To return to our previous example, a contemptuous partner might say:

I cannot believe you forgot the milk. You literally had one job. Why are you such an idiot? I don’t have time for this, and I’m tired of doing everything myself. Dinner is ruined, and you ruined it.”

Instead of being contemptuous, try to build a culture of appreciation with your partner. Remind yourself of their positive qualities and everything they do right. If you did this in the previous answer, you might say something like:

Thank you for picking up the kids. Did you remember to buy the milk?” With the culture you have built together, your partner will likely apologize and run out to buy the milk without an argument.

Contempt is the number one predictor of divorce, so when criticism becomes contempt, you need to get rid of it immediately. At this point, you may even need to see a marriage or family therapist for help.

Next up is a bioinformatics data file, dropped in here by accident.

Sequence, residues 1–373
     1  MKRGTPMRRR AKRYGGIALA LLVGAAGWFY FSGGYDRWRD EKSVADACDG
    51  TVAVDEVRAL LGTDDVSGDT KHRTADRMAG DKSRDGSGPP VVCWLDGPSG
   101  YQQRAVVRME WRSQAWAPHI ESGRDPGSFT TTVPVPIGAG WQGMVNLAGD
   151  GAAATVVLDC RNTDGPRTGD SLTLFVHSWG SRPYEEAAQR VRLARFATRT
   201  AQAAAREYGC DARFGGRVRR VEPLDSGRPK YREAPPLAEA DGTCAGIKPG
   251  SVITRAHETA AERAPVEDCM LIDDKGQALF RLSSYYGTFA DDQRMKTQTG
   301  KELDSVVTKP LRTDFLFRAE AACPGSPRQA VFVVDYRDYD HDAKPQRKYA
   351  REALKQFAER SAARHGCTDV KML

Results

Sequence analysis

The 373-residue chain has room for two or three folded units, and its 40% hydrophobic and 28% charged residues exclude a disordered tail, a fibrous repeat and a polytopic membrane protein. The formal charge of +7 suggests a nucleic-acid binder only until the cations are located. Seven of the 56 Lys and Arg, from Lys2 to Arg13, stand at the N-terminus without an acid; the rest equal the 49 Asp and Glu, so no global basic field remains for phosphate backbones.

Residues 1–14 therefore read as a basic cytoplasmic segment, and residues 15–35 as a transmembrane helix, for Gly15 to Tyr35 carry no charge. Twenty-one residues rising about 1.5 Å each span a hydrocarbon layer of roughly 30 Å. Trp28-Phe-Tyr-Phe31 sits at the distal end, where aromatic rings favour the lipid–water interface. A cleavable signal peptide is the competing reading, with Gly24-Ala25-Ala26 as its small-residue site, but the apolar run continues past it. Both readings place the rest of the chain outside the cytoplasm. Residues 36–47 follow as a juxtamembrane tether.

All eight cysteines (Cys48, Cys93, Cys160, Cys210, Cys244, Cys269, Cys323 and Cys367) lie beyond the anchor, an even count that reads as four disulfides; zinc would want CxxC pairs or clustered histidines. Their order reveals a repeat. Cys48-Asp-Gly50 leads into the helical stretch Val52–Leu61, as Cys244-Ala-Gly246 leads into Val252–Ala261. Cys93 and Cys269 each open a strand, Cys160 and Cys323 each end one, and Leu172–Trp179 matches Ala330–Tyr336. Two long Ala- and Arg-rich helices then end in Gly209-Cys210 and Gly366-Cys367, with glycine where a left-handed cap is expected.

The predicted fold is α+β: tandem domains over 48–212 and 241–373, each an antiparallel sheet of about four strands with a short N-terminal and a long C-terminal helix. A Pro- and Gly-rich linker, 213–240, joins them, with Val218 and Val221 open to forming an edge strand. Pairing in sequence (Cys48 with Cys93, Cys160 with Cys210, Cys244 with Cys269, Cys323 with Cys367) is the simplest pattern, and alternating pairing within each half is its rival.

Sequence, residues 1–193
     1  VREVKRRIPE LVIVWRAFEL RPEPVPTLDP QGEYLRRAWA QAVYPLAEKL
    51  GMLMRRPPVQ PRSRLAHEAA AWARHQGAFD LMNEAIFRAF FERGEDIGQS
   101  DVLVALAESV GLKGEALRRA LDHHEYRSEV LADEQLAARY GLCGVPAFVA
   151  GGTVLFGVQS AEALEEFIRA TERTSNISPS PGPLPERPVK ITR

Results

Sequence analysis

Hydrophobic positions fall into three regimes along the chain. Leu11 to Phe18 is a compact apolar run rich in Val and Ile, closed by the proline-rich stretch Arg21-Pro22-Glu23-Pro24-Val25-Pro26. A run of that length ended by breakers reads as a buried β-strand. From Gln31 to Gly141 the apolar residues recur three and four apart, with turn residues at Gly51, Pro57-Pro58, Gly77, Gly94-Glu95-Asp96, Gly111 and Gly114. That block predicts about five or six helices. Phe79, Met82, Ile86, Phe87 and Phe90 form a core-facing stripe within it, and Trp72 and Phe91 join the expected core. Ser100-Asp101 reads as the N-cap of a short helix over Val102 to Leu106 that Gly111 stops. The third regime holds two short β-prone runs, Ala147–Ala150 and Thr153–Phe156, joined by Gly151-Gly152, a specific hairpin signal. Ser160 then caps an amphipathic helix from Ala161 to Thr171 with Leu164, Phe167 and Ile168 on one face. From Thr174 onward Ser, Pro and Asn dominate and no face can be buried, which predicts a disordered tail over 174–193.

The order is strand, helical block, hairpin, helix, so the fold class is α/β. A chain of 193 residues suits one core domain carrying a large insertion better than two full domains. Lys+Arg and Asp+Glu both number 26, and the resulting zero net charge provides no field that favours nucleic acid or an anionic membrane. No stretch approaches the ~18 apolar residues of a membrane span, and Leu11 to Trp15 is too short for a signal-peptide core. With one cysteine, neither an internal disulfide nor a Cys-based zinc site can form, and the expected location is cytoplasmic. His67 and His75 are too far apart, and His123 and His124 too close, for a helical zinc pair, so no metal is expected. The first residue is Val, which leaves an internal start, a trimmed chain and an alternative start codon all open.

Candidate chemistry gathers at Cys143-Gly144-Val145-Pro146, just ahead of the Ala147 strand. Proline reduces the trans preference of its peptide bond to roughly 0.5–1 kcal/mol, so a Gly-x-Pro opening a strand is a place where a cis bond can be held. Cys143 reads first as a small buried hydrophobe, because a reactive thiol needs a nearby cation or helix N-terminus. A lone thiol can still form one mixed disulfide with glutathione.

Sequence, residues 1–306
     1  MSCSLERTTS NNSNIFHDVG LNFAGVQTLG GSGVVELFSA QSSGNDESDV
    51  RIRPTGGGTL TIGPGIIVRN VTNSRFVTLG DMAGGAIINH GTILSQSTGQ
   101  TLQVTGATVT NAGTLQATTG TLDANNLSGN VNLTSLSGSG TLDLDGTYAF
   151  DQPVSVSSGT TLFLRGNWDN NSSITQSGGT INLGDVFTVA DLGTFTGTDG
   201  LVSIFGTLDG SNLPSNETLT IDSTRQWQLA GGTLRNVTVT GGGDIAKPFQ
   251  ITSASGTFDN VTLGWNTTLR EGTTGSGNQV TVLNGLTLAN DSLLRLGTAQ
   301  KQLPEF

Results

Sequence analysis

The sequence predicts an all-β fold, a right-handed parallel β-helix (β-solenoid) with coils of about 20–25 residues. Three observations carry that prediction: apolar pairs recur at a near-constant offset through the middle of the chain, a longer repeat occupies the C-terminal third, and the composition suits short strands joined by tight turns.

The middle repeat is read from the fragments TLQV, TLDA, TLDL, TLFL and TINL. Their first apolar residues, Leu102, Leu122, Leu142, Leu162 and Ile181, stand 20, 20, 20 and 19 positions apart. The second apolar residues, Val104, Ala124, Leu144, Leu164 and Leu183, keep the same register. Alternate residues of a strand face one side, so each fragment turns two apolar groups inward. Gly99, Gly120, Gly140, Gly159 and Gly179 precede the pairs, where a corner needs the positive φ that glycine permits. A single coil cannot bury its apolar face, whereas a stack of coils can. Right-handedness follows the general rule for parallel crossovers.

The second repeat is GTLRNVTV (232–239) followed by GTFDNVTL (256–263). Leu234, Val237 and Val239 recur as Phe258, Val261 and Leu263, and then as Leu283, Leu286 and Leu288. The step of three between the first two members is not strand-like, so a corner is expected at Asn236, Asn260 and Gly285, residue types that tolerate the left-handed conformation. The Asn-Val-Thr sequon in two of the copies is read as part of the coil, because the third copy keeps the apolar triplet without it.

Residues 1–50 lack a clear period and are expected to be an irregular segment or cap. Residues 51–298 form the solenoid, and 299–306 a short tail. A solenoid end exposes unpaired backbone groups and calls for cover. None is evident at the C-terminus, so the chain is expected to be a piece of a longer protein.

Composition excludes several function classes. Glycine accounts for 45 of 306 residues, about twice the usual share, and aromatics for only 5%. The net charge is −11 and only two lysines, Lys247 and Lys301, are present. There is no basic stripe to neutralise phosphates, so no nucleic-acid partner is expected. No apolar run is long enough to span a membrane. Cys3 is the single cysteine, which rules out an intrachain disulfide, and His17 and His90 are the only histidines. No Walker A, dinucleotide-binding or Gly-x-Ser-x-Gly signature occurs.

Horseman 3: Defensiveness

Defensiveness usually emerges as a response to criticism, and the cycle of criticism and defensiveness becomes more and more frequent when a relationship is on the rocks. In defensiveness, you might play the victim, so your partner stops criticizing you or accusing you of problems in the relationship.

Ironically, the third horseman does not defend you, nor does it benefit your relationship. Instead, your partner may feel like you don’t take them seriously and that you don’t take responsibility for your mistakes.

Let’s go back to the spilled milk.

If your partner says, “Did you remember the milk?” and you say, “I was going to, but you called me on the way home and I forgot to go to the grocery store,” you have now tried to reverse blame. Even though you forgot the milk, the problem is now your partner’s fault.

The opposite of defensiveness is accepting your responsibility, admitting fault, and understanding your partner’s perspective. If you forgot the milk, try this instead:

Oh no! I forgot the milk. I’m sorry; I knew you needed it for dinner. I’ll go to the store right now.”